Aircraft lessor and air freight company Atlas Air Worldwide Holdings reported a loss for 2019 as it wrote down parts of its fleet due to lower cargo business during the year.
The net loss was $293.1 million, reflecting a noncash special charge of $503.1 million, the Purchase, New York-based cargo company says. Revenue during 2019 rose slightly to 2.7 billion from 2.6 billion during the previous year.
“Reported results in the fourth quarter and full year of 2019 primarily reflected a noncash special charge associated with the write-down of the company’s 747-400 freighter fleet due to global airfreight and macroeconomic conditions resulting in lower 747-400 commercial cargo yields and utilization, as well as the disposition of certain nonessential Dry Leasing aircraft and engines,” the company says in a statement on 20 February.
That said, the global provider of outsourced aircraft and aviation operating services is expecting 2020 to be better, despite ongoing global issues around trade as well as the short-term coronavirus crisis.
“Looking ahead, we anticipate that our financial performance in 2020 will be an improvement over 2019,” says chief executive John Dietrich.
“Our focus remains on express, e-commerce, the US military and faster-growing markets, where the demand for our aircraft and services is solid. As the global supply chain rebalances, we will continue to leverage our significant commercial charter business to capitalize on customer demand,” he adds.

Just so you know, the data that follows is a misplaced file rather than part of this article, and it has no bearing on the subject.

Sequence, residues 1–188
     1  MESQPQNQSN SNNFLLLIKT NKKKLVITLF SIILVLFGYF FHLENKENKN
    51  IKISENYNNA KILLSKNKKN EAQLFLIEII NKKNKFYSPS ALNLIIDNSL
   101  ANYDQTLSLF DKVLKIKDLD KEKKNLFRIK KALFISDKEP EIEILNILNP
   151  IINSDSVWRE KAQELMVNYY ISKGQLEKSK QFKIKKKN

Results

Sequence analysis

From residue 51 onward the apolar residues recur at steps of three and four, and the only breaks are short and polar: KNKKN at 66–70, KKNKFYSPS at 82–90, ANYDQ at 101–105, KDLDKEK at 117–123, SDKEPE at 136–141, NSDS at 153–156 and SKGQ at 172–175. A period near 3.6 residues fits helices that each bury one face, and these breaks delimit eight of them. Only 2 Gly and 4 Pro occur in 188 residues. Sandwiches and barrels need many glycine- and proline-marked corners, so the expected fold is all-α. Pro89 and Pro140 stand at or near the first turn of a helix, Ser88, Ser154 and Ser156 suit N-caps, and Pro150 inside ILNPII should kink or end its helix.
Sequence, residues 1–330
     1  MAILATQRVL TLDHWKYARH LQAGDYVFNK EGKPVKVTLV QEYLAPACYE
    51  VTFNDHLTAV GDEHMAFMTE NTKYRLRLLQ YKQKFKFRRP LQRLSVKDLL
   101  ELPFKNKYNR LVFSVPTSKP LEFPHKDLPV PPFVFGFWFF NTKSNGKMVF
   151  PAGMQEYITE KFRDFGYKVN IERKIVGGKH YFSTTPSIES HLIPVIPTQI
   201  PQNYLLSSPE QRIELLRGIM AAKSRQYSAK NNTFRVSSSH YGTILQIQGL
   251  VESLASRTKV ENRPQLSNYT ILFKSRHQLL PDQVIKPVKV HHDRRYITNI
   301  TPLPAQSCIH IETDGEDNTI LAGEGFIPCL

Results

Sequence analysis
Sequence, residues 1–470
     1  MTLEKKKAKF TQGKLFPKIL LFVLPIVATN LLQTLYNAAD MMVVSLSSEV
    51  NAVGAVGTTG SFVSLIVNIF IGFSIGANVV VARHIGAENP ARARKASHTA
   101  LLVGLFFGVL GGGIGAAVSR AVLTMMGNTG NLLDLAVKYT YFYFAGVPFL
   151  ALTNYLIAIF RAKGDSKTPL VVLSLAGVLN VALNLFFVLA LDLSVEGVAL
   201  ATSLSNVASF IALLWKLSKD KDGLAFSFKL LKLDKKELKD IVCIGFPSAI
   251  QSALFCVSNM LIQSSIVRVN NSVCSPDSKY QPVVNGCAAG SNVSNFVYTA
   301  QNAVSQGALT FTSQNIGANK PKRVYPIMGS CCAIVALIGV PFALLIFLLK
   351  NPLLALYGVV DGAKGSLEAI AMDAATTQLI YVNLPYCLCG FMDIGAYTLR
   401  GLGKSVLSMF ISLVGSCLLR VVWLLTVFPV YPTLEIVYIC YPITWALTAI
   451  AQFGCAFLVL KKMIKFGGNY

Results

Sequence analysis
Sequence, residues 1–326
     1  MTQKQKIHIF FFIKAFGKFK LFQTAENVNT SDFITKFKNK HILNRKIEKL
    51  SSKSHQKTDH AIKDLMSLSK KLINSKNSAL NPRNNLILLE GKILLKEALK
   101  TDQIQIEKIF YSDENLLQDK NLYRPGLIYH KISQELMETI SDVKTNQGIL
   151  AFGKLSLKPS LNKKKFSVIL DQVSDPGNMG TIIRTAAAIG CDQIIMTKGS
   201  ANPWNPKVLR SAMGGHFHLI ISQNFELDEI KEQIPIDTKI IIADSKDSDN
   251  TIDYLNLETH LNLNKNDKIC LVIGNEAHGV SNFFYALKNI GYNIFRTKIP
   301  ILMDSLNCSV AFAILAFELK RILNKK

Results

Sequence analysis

The coronavirus, which has decimated air transport across northern Asia since December also had a negative effect on the company’s results, but Atlas says it is unable to quantify that at the moment.
“The airfreight industry, like most others, is experiencing the impacts of the unfortunate coronavirus outbreak,” Dietrich says. ”The effects are yet to be fully determined, and therefore our visibility into the full year ahead is evolving.”
“In these unprecedented circumstances, we are playing a key role in our customers’ operating networks as they navigate this challenging time,” he adds. ”We are also currently accommodating special charter demand, and we are well-prepared for the anticipated surge of volumes once manufacturing resumes in full force.”